Vienna, Pt.2

Once again, I’m sitting on a train, heading to a new country. This time, the Czech Republic. This train is very fancy. I’m in a private, six car booth. We have all six seats to ourselves. The door is closed, and its as quiet as a tomb. There are many stops between here and Czech Republic, so I suspect the seats in our little room will fill up. Might as well enjoy the silence for now. It’s 10:00 a.m. The Vienna portion of our trip is over, sadly. We’ll be in the Czech Republic at 2:30 p.m. Vienna has been really interesting. This is a very diverse, cultured city. On Monday, we took the train from our Metro station a few stops to the Schonbrun Palace. This is the former summer residence of the imperial family. Lots of gardens, trees, statues, and alleyways.

We took a tour inside and saw the breathtaking decorations in the staterooms, and the more understated apartments that were occupied by Franz Joseph and Empress Elizabeth. After exploring the palace, we strolled the grounds, taking photos of amazing gardens and statues. We skipped the zoo and the garden labyrinth, and instead visited the Palmhouse, a magnificent tropical greenhouse erected in 1882. It houses a vast collection of exotic plants. We took the train back to the center of the city, to Karlzplatz, and found the famous Trzesniewski restaurant, where we were treated to a huge array of little finger sandwiches. We chose six and shared them, eating at one of the stand-up tables outside, like the locals do. A few minutes later, we went back to the Opera house, to admire it during the daylight.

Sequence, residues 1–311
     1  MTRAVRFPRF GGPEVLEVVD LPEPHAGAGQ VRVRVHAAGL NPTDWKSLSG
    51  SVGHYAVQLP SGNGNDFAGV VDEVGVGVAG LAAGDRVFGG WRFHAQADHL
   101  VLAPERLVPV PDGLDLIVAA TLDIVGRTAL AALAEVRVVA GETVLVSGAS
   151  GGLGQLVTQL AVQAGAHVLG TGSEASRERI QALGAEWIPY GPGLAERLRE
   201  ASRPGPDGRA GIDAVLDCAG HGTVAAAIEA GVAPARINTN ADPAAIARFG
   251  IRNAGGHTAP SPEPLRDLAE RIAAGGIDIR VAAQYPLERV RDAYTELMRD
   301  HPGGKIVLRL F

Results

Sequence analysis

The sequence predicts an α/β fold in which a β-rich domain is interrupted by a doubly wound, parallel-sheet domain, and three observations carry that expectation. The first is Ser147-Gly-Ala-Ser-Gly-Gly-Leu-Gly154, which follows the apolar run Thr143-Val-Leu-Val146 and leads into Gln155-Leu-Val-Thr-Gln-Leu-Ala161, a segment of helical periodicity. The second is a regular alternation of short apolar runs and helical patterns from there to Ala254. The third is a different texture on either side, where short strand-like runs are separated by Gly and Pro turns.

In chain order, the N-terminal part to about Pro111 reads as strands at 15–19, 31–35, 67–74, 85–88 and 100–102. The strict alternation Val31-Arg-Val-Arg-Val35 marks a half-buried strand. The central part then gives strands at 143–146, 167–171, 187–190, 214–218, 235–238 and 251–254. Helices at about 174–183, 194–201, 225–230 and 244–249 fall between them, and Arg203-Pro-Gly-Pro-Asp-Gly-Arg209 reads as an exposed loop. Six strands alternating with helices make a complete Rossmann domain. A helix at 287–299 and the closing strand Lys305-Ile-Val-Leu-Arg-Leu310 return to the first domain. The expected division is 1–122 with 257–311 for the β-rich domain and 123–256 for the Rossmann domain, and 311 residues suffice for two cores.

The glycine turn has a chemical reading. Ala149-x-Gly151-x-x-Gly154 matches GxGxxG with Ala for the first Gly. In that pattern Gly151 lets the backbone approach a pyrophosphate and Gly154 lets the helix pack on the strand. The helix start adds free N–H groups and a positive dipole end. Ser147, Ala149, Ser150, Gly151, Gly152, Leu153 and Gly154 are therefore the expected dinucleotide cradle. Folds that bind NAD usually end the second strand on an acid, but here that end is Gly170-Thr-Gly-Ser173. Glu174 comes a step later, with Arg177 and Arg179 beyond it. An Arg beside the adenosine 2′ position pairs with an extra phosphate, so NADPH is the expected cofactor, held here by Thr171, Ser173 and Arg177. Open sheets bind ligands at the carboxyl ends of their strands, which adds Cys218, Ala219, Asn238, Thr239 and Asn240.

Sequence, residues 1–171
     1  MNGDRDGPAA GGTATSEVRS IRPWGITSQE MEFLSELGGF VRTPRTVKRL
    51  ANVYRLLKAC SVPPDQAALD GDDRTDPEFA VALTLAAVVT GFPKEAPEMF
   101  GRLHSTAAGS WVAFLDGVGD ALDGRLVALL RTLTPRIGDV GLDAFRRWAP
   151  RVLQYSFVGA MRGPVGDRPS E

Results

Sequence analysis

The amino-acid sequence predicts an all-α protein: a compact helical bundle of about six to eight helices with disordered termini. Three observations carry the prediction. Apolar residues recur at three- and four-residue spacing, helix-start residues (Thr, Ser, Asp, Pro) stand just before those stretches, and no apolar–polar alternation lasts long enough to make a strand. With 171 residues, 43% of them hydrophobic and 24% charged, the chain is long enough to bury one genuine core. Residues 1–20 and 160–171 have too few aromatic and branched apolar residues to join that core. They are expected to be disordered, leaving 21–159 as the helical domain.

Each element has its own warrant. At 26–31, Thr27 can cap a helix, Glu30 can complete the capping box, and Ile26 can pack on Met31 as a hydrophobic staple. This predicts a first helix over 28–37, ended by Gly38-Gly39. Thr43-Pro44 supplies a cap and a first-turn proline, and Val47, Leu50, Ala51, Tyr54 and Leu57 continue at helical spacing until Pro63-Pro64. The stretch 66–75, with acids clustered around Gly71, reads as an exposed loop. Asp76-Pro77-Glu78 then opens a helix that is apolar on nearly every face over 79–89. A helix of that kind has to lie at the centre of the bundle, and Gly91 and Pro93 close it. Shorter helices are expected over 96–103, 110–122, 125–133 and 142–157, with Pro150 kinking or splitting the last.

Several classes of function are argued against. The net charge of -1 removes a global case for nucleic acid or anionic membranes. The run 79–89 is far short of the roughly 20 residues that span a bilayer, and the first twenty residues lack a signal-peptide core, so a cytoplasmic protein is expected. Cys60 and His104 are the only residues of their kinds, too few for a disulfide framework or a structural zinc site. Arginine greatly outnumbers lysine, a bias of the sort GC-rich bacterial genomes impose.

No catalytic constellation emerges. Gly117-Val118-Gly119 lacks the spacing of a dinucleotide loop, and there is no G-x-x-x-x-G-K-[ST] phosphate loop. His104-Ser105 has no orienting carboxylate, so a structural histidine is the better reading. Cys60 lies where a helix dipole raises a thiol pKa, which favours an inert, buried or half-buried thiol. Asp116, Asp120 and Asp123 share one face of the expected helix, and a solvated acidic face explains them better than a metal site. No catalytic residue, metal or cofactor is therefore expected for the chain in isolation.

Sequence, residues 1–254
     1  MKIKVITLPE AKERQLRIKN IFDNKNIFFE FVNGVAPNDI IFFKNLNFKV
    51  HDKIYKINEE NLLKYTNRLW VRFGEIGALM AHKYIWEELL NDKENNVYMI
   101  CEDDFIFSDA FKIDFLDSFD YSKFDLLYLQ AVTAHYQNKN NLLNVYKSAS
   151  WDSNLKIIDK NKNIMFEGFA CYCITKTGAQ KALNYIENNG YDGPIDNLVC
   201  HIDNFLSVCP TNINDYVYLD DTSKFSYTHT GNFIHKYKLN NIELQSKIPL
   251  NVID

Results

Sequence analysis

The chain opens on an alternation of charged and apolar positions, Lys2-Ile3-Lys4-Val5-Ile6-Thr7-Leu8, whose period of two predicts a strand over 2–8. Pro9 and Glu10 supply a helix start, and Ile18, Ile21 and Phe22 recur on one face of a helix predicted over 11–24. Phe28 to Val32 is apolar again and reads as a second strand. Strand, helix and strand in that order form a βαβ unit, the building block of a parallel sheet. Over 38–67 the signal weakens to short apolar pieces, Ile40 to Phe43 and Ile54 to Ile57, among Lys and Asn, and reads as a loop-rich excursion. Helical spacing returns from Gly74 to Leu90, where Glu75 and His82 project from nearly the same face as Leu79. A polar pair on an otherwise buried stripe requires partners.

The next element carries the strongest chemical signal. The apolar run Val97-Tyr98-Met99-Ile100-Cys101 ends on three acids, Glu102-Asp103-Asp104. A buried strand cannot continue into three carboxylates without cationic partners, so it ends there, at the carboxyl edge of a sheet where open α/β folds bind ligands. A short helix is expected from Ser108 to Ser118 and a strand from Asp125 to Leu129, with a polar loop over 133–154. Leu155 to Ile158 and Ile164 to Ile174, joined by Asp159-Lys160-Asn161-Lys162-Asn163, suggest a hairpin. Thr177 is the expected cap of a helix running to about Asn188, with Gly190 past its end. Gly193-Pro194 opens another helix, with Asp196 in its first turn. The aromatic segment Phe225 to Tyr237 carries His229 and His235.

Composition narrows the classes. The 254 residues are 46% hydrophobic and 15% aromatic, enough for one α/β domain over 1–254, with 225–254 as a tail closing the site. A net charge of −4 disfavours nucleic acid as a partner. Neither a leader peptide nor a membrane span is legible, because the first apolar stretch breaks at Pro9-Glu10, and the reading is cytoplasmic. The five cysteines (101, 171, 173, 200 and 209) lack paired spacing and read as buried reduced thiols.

We saw the famous Hotel Sacher right behind the Opera house. It is here that the Sachertorte was invented. I strolled across the street to see the Monument Against War and Fascism again, in the daylight, and then strolled up the street to the Kaisergruft, the imperial burial crypt of the Hapsburg dynasty.

This was very solumn, peaceful, and a bit creepy (in a fascinating way).

The crypt was dark, damp, and deadly quiet, and we had the entire place to ourselves. I took many photos of the somewhat gruesome adornments on some of the crypts.